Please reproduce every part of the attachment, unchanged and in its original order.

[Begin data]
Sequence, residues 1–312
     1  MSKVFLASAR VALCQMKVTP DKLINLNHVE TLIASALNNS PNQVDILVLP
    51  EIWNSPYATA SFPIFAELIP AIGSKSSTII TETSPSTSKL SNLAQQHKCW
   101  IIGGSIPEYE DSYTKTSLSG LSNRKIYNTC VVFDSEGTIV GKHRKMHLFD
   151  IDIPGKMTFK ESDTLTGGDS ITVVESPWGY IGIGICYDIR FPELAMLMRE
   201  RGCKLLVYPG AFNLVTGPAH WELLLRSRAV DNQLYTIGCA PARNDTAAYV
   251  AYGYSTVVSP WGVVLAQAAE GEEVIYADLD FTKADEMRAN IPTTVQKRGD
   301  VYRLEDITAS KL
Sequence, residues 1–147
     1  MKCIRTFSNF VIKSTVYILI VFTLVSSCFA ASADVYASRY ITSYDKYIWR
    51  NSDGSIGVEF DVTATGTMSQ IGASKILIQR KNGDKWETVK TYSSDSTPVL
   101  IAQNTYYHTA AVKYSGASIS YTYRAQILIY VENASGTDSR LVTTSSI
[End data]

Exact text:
Sequence, residues 1–312
     1  MSKVFLASAR VALCQMKVTP DKLINLNHVE TLIASALNNS PNQVDILVLP
    51  EIWNSPYATA SFPIFAELIP AIGSKSSTII TETSPSTSKL SNLAQQHKCW
   101  IIGGSIPEYE DSYTKTSLSG LSNRKIYNTC VVFDSEGTIV GKHRKMHLFD
   151  IDIPGKMTFK ESDTLTGGDS ITVVESPWGY IGIGICYDIR FPELAMLMRE
   201  RGCKLLVYPG AFNLVTGPAH WELLLRSRAV DNQLYTIGCA PARNDTAAYV
   251  AYGYSTVVSP WGVVLAQAAE GEEVIYADLD FTKADEMRAN IPTTVQKRGD
   301  VYRLEDITAS KL
Sequence, residues 1–147
     1  MKCIRTFSNF VIKSTVYILI VFTLVSSCFA ASADVYASRY ITSYDKYIWR
    51  NSDGSIGVEF DVTATGTMSQ IGASKILIQR KNGDKWETVK TYSSDSTPVL
   101  IAQNTYYHTA AVKYSGASIS YTYRAQILIY VENASGTDSR LVTTSSI